|DEEP C Industrial Park |
Late last month, Taiwanese laptop maker Compal Electronics organised a field trip to WHA Industrial Zone 1 in the central province of Nghe An, as well as DEEP C Industrial Park in the northern province of Quang Ninh, to explore the possibility of expanding operations in Vietnam.
Compal’s new plan follows its first production base in the northern province of Vinh Phuc which launched in May 2021. The move by Compal, a Fortune 500 company, is expected to help encourage more opportunities for electronic component manufacturers to become its vendors.
Moves like this in electronic component production come thanks to the shifting of global technology groups from China to Southeast Asian countries, including Vietnam. According to a survey over US businesses by the American Chamber of Commerce in China released in May, if COVID-19 controls persist for the next year, more than half of respondents said they would reduce investment in China.
Duong Nguyen Binh, vice president of the Vietnam Automation Association, said that investors from Europe, the United States, and Japan such as Arevo, Fujikura Fiber Optics, Mabuchi Motor, Premo, and Lixil are looking for feedstocks and intermediate goods in Vietnam to reduce costs and minimise risks as the pandemic continues to disrupt global supply chains. “Foreign technology groups have sought more than 400 types of components from local suppliers for industries such as electricity, electronics, mechanical engineering, precision mechanics, 3D printing, robotics, and automation, among others,” Binh said.
Meanwhile, domestic electronic component manufacturers are making efforts to expand their operations. Haast Industry Vietnam Co., Ltd. is accelerating the construction of its second and third production bases to serve increasing orders from partners. According to the plan, the second facility’s construction is expected to finish in late 2022 and the third next year.
Ngo Huu Tiep, chairman of Giza Group, the parent company of Haast Industry Vietnam, said, “The group established the first production facility following suggestions by foreign-invested partners.
After three years, we received many orders from other partners and see that the room for this segment is large, especially as global tech groups shift from China to other countries in Southeast Asia.”
Haast Industry is one of 14 domestic suppliers being supported via the smart factory of Samsung in collaboration with the Ministry of Industry and Trade (MoIT).
“After the training course, we are confident of becoming a second-tier vendor of Samsung and, for the long term, the company targets to be a first-tier vendor. If local suppliers can improve the competition capacity, the opportunity to join the global supply chain opens up,” Tiep said.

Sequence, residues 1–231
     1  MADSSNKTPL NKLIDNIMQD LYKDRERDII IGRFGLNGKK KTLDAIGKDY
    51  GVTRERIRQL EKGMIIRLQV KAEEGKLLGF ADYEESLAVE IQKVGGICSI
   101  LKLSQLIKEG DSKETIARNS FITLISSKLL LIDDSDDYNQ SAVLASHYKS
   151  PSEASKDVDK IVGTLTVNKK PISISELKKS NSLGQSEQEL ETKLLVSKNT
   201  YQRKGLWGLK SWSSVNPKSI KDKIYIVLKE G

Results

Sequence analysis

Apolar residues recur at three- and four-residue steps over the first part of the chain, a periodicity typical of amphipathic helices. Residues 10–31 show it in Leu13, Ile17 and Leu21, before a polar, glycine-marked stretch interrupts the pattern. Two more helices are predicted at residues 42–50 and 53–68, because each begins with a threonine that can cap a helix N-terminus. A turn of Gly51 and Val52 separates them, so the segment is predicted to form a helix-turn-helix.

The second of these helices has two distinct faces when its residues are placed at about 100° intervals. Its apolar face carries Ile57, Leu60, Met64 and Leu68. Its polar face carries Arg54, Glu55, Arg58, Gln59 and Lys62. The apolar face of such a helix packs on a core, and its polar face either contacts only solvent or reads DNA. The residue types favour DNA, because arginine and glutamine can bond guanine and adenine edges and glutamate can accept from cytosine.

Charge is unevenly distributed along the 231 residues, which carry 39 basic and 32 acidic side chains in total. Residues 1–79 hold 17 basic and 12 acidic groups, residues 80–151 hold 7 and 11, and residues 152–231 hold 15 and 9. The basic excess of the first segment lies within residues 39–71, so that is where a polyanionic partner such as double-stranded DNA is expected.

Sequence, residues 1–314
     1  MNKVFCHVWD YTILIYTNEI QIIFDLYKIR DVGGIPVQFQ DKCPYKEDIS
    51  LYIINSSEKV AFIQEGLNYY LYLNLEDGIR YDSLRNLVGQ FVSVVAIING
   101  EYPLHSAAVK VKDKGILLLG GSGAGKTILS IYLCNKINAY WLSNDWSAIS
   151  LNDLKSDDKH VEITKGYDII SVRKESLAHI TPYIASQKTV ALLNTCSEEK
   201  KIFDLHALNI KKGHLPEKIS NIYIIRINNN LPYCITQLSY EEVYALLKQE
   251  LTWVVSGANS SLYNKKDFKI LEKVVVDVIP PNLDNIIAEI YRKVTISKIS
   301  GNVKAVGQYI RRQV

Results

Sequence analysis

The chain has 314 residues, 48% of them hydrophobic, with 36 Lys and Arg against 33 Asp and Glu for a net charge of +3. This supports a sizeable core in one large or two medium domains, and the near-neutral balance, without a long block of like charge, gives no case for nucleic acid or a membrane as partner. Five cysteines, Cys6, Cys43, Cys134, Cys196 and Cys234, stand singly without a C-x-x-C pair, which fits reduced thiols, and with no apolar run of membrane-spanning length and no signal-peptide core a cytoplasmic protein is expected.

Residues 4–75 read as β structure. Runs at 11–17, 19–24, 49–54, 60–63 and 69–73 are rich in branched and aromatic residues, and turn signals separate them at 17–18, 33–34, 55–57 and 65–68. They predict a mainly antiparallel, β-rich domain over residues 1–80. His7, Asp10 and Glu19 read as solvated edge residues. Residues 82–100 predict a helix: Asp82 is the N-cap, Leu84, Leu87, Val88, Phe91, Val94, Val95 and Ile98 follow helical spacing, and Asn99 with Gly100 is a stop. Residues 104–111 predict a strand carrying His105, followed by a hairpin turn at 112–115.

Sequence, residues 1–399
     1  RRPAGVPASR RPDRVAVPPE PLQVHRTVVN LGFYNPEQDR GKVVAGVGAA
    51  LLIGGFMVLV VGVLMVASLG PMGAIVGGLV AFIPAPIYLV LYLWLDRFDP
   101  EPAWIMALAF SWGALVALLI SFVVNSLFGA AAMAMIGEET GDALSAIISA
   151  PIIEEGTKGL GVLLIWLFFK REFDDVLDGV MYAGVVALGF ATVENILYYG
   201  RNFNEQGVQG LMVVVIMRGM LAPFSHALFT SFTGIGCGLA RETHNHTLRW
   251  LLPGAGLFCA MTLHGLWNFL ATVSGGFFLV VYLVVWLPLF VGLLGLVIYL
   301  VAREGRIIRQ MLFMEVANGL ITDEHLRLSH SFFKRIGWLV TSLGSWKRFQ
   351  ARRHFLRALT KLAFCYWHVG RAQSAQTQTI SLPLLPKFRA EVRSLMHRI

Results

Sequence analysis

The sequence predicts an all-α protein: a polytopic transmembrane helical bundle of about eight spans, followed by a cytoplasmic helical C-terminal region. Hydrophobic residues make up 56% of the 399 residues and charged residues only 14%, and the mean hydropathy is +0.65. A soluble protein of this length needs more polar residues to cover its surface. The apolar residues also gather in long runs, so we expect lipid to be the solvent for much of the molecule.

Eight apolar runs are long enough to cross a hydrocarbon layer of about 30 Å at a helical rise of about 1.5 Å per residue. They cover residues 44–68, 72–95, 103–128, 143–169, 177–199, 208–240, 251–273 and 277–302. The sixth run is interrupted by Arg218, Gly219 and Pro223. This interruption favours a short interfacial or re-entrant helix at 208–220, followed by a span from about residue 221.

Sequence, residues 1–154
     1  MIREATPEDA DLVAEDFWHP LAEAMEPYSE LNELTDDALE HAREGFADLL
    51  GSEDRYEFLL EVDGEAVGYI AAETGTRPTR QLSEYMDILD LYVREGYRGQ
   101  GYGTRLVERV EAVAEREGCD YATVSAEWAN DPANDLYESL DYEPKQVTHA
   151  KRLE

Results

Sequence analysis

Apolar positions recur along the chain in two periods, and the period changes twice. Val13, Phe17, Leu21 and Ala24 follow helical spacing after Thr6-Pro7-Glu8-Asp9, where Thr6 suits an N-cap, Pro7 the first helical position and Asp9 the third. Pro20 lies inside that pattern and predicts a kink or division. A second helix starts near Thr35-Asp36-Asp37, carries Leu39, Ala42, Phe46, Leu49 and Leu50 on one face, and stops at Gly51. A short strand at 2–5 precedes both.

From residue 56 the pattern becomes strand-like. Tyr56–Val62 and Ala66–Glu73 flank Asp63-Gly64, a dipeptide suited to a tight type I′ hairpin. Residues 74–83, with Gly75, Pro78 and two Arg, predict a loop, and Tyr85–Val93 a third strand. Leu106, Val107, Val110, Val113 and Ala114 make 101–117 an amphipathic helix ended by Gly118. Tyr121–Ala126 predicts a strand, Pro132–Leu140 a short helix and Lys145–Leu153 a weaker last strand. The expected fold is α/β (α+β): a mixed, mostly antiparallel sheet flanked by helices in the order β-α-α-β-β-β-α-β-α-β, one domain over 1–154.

Along with selecting available suppliers, foreign tech groups are willing to train domestic vendors to help them to improve their productivity and capacity. In mid-June, Toyota Motor Vietnam and the Vietnam Industry Agency under the MoIT signed an MoU to renew a project to enhance domestic supporting industries.
Hiroyuki Ueda, president of Toyota Vietnam, said, “Domestic part suppliers face difficulty in competing with foreign vendors and importing goods due to lack of experience and production capacity. The production cost for parts and components in Vietnam is either double or triple compared to the costs in surrounding countries. Through this project, we hope to further contribute to improving suppliers’ capability and expand the local supplier network.”
It is the third year Toyota Vietnam and the agency have worked on the project, which is implemented on an annual basis. By joining the project, potential suppliers of automotive parts and components will have the opportunity to connect with automobile assemblers and manufacturers in the country and visit the Toyota Vietnam factory and its domestic suppliers. Besides that, they are supported for participation in training under local supplier development programmes.
Since the MoU was clinched, they have been carrying out a new operational support programme for some suppliers, in which Toyota will send experts to work periodically at their facilities, thereby helping to improve operational efficiency.
Statistics by the General Department of Customs show that in the first half of this year, Vietnam spent $39.62 billion on imported computers, electronic parts, and components – a rise of $9 billion or 29.3 per cent on-year, thus making up the largest group in import turnover in the period, accounting for 23.36 per cent of the country’s total import value.n